In the Calca market, tourists en route to somewhere, stared at our colourfully dressed ladies as they scampered excitedly around buying treats that are not usually available to them. I guess one never forgets that they are unique, but seeing them through the tourist’s eyes was a wake up call.

As we climbed towards the pass, a stroke of luck meant we could see the Centre of Traditional Textile’s Awana Wasi at Accha Alta in operation. We visited their beautiful building and our women shyly spoke to the weavers. Their weavings are incredibly beautiful and their poise was quite assured, very different than our ladies who seemed overawed by something that in our eyes was quite simple. Urbano, our community liaison person, at this stage, “got it.” A broad grin stretched across his face as he exclaimed, “this is cultural exchange!”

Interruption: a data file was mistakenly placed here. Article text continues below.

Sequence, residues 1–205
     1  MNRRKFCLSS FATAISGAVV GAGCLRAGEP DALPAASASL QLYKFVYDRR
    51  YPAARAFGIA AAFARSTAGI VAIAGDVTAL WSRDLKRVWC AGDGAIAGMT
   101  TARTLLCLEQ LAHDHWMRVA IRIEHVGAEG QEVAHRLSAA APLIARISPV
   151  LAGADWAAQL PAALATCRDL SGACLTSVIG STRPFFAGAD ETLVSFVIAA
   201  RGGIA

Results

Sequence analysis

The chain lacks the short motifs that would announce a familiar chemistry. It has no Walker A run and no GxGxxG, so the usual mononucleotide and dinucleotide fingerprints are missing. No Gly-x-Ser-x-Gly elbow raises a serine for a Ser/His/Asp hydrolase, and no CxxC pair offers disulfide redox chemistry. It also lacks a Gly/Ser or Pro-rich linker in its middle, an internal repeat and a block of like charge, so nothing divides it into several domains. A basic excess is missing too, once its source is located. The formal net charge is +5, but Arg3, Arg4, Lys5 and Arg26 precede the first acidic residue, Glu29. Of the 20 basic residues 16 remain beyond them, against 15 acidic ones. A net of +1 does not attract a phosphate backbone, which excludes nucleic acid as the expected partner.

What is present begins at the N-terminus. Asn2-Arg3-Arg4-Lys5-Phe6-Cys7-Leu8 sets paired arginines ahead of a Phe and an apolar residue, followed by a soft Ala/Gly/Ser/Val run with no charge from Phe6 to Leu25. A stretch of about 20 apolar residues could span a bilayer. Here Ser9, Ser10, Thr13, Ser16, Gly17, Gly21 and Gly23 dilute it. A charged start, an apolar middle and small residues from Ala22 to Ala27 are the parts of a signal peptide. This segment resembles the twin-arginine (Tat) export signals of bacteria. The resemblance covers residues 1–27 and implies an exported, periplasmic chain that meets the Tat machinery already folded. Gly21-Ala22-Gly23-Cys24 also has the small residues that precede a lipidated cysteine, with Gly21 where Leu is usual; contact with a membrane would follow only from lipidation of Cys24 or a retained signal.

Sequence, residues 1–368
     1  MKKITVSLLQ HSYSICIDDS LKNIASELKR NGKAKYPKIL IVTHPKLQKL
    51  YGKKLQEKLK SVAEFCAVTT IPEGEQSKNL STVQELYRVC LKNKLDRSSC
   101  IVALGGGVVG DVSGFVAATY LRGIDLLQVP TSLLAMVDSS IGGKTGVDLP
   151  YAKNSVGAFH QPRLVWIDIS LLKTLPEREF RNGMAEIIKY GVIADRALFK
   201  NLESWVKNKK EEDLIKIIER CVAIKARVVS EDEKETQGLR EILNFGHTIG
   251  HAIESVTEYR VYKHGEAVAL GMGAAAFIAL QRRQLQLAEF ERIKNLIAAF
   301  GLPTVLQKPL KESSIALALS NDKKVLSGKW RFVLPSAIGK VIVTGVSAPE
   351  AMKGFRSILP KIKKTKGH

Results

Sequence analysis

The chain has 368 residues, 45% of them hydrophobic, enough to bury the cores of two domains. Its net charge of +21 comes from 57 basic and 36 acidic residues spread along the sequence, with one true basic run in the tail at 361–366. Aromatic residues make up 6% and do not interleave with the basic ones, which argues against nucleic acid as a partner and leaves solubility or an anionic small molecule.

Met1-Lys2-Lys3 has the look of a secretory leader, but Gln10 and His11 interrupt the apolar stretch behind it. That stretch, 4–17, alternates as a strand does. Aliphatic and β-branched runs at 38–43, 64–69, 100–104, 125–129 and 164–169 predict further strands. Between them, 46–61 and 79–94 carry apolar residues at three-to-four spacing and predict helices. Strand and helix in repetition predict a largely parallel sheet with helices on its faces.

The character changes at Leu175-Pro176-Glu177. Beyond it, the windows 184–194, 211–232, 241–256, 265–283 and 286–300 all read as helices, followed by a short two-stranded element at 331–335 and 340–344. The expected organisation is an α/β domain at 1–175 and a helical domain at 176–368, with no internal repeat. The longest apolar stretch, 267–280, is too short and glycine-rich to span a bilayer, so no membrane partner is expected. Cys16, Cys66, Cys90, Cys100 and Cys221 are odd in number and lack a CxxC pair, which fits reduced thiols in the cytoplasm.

Weavers of Rumira Sondormayo meet the weavers of Accha AltaIt was 5 hours drive to arrive at Choquecancha, our first visit… a pretty long trip by our standards, but the women sat bolt upright, looking around and out the windows with intense curiosity. Mainly, they were silent, only occasionally exclaiming about something or another. Choquecancha has an amazing Inca wall within the village and ruins all about. By some bad communication (fairly typical of Peru) the women had thought we were arriving the week earlier and so had prepared an extensive dying demonstration for us… but this week their presentation was the “light” version. They do not use imported indigo to make blue but have developed their own blues using two different plants. They also explained how their association is structured and that they sell via Casa Campesina in Cusco.